One thing I do agree with alF - that India decided to finally build the bomb accelerated Pakistan's effort to build it's own but Bhutto had already initiated plans in 1972, two years before India's detonation in Pokhran. 1974 just accelerated Pakistan's efforts.

Zunaid
June 1, 2011, 07:29 PM
You as an Indian have a reason to be prejudiced against Pakistan and Pakistanis, which even if it cannot be condoned can at least be understood. Understanding something and justifying it are two totally different things. Herewego, unless he was personally affected by 1971 doesn't not have a similar excuse. Do I like Pakistanis who have a condescending attitude towards Bangladeshis? Of course not. In fact, I have less tolerance for them than I do for India's bhagwan brigade. And thats saying quite a bit.

Can of worms alert!

I had to snip this part from your post above. Why does a Bangladeshi who was personally affected by 1971 be the only one to have a reason to be 'prejudiced' (not the word I would have used, but since you used it I will keep it) against Pakistan and Pakistanis. Almost all Bangladeshis have been and are still affected by the trauma of our birth and there are many valid reasons as to why our weltanschaungen with respect to Pakistan would be different than say for Burkina Fasso or Tuvalu. And why would an Indian have a reason to have the same prejudice? Sorry, inquiring minds want to know.

HereWeGo
June 1, 2011, 07:48 PM
Fine AQ Khan stole nuclear information. Big woop. If we prosecuted every scientist, entrepreneur, company, and military for "stealing" humanity would still be walking around clothed in leaves off a tree.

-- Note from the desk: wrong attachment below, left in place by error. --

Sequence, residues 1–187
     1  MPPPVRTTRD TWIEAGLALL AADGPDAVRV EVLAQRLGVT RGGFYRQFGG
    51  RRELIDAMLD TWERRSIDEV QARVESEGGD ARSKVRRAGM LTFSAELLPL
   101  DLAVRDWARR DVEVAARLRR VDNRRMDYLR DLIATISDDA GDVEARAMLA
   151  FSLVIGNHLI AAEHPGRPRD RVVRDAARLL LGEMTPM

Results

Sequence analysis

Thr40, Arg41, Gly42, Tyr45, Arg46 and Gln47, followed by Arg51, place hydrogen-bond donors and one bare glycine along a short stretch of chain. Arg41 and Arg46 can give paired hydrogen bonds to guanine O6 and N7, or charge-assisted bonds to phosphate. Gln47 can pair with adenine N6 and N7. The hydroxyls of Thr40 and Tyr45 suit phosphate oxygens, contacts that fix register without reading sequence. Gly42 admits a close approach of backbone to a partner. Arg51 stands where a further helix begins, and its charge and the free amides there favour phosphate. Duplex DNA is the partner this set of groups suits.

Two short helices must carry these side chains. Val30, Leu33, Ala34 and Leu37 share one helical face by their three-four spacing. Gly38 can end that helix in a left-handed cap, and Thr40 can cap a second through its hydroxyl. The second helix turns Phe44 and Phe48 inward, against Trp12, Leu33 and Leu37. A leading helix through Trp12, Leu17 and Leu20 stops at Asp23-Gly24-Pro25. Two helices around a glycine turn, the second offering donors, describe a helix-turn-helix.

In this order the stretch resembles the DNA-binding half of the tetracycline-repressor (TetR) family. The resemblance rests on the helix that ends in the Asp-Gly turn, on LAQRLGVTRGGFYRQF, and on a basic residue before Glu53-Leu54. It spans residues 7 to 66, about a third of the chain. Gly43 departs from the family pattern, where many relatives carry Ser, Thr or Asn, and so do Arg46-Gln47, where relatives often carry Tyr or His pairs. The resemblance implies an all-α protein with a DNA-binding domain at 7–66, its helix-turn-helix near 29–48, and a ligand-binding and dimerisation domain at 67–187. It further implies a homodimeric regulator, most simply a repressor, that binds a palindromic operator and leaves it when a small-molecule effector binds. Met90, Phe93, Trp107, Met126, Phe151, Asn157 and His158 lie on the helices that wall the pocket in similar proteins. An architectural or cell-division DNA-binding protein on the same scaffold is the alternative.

:D
Quote of the century!!! :clap::notworthy:
( Please dont teach stealing to your kids :P )


Couple small correction, just for the fun of it. I can literally give counter argument against every point u made but that would take away the fun for the rest of the posters.

1) Your quote "All is fair in love and war" is not true, there are RoE (rules of engagement) that every soldier must follow. If it was fair, there would never be a war crimes tribunal anywhere.

2) When you mentioned "Didn't one of our mukti bahini "steal" a Pakistani fighter? They didn't "voluntarily provide" it.", I think you are referring to Birshrestho Flight lieutenant Matiur Rahman ; he was not a mukti bahini guerilla fighter, he was a Flight Lieutenant of the Pakistan Air force. He used the fighter to defect the Pakistan Air force, not sure if the fighter was ever meant to be used on a combat against Pakistan.